Psych: “Cirque Du Soul”
B-

Psych: “Cirque Du Soul”

B-

Psych

“Cirque Du Soul”

Season 7, Episode 6
B-

Psych

“Cirque Du Soul”

Season 7, Episode 6

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Detective Lassiter’s yearlong wait for his beloved Marlowe to get out of prison provided some of the best random bits of dialogue throughout last season. Lassie’s idea of romance is so over the top while fitting into his conservative character that it made for great incongruous comedy. Unfortunately, Marlowe’s release turns out to inhibit that humor instead of adding to it. “Cirque du Soul” covers a case involving members of a Cirque troupe acting as thieves for a businessman in exchange for visas. It features twists and layers within the mystery, but it serves up two competing, half-developed character arcs that don’t get enough time because they compete for screen time within the episode.

Shawn’s investigation turns from a disappearance to a mysterious accident to murder to a staged accident to an elaborate heist to a conspiracy bankrolled by a wealthy businessman. It lays the breadcrumbs of those twists in the first ten minutes, then slowly returns to pick at each detail to build the case, some deft mystery structuring that keeps the episode running smoothly. The problem is that unlike most of the episodes so far this season, “Cirque du Soul” doesn’t have enough strong jokes hanging onto every bit of dialogue that moves the case forward.

Lassiter and Marlowe reunite, but their happiness is short-lived, since Lassiter once hooked up with Marlowe’s parole officer Ursula and never called her back. Ursula’s response takes a vindictive and punitive route, but Juliet offers her house as a place for the two reunited lovebirds to share some time together. In the tradition of long-term house guests, Lassiter and Marlowe wear out their welcome almost immediately. First Shawn gets disgusted that Lassiter used his robe, and then Juliet finds Lassie and Marlowe sharing a bubble bath. Juliet then has to figure out a way to get them out of her house by convincing the parole officer to back off, which yields the episode’s best line as Ursula describes her night with Lassiter: “I am begging you to share less.”

By reuniting Lassie and Marlowe, the tension of their relationship disappears. Putting a temporary obstacle like Ursula in the way doesn’t catch that spark again. The engagement announcement feels like a footnote instead of a featured moment. For a supporting character and his only recently recurring girlfriend, that makes sense, but the only laugh it gets comes when Lassie juxtaposes his happiness against Gus’ depression after Rachel breaks up with him. So Lassie’s engaged to his perfect woman, that’s great, but Psych treats it as just another step along the way. Next week is Lassiter’s bachelor party, a more fun-infused idea that puts Gus, Shawn, Lassie, and Woody together  in close proximity, but which doesn’t seem to go for another Hangover parody that worked reasonably well last season.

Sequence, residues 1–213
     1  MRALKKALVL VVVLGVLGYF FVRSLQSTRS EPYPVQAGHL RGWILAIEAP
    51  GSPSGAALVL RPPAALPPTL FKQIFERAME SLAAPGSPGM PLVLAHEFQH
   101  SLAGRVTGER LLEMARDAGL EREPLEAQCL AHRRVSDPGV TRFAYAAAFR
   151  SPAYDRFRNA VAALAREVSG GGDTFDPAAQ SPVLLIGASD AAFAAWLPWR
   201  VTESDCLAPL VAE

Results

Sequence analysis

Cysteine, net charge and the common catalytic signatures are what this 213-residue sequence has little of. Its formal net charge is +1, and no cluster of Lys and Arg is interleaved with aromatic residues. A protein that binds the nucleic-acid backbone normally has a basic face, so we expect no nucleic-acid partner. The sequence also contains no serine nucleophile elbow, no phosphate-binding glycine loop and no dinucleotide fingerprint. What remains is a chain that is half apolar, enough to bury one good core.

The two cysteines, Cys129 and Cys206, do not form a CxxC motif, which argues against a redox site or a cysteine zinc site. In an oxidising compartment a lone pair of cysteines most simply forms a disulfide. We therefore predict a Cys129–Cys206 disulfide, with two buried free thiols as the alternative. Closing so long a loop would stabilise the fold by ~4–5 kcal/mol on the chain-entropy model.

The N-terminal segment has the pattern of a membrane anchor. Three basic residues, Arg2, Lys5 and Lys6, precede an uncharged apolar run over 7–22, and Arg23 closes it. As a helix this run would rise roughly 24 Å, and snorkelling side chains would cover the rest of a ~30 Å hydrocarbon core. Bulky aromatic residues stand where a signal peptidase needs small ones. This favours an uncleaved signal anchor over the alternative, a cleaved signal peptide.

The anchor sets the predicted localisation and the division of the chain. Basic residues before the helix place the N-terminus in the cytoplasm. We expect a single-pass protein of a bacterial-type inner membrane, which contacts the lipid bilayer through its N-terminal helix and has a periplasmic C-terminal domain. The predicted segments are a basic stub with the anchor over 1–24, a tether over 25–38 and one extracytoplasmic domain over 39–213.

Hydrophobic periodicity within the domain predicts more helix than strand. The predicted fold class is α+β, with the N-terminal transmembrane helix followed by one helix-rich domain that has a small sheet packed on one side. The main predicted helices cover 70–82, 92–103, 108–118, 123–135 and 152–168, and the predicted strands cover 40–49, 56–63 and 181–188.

Gus desperately wants to bond with Max in order to impress Rachel, but wherever he takes the kid, bad things follow. He sees a dead body splatter after a huge fall, and gets arrested for breaking and entering a lab with Shawn and Gus, which causes Rachel to break up with him, a perfectly natural response. Max appears to like Shawn and his activity ideas, but ignores Gus’ desperate attempts to become friends—which makes the expected reveal that Max actually likes Gus more apparent. Rachel will be sticking around now that Shawn makes the very delayed step of actually trying to ensure that Gus’ relationship can continue unimpeded by his constant interjections and selfish attempts to hog Gus to himself.

The emotional crux of the episode hinges on one random intervention from Henry. He succinctly describes Shawn’s self-centered tendencies to Gus, and then states the obvious: Shawn is nervous about losing Gus, the most reliable constant in his life, to someone else, which drives Shawn to sabotage Gus’ relationships, consciously or not. That doesn’t excuse Shawn’s antics, which get chuckles occasionally but mostly groans, but it does explain them in a narratively convenient fashion, allowing for a funny reconciliation in a portable toilet during the acrobatics and pesticide-filled action finale set piece.

Shawn is slowly growing throughout this season, solidifying the status of his relationship with Juliet, hopefully backing out of Gus’ romantic affairs, and talking to his father. That inching, slow movement toward late maturity, and big milestones for Lassiter and Gus, signal that despite at least another 18 episode, Psych is already starting to move to the endgame. Weddings and long-term relationships have run parallel to the psychic investigative work on Psych since the beginning of the show, and these characters will have their happy ending. But when the jokes aren’t flying fast and furious and even the romantic elements fall flat, it’s a symptom of a show nearing the end of its run, trying to set up the board and execute its final moves instead of punching up the humor that makes this show eminently entertaining.

Stray observations:

  • Once again, Woody proves to be the most effective comic relief. From asking Juliet if she knows any living, single women he could go out with, to his knowledge of electricity because of “foreplay,” Woody is still the best sparingly-used supporting character on Psych.
  • “What I hate is how little is made of Tito Jackson’s birthday.”

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